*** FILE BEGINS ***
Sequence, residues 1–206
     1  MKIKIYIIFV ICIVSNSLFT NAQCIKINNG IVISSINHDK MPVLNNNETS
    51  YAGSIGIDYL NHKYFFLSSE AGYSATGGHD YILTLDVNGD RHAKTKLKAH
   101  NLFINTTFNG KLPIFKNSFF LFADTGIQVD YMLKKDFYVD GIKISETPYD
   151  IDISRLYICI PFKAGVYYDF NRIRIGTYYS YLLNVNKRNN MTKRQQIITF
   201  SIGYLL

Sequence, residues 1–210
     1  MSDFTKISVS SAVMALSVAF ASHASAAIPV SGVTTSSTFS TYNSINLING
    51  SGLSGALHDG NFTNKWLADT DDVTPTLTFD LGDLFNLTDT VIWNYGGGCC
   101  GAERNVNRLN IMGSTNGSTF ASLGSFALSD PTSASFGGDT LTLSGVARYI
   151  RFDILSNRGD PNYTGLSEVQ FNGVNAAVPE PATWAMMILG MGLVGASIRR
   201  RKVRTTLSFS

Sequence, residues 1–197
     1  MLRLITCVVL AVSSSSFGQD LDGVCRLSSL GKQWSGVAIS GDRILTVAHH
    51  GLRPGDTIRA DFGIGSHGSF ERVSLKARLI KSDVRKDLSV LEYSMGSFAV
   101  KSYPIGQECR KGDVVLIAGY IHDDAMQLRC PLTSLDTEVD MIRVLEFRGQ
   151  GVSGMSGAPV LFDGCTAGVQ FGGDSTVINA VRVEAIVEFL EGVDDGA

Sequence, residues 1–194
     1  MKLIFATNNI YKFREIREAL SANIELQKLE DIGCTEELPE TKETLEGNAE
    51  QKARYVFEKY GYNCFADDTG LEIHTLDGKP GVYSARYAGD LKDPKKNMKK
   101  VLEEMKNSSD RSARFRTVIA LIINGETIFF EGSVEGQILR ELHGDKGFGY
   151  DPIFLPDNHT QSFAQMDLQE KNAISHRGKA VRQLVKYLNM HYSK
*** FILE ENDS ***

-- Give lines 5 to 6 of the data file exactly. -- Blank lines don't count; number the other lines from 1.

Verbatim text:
   151  IDISRLYICI PFKAGVYYDF NRIRIGTYYS YLLNVNKRNN MTKRQQIITF
   201  SIGYLL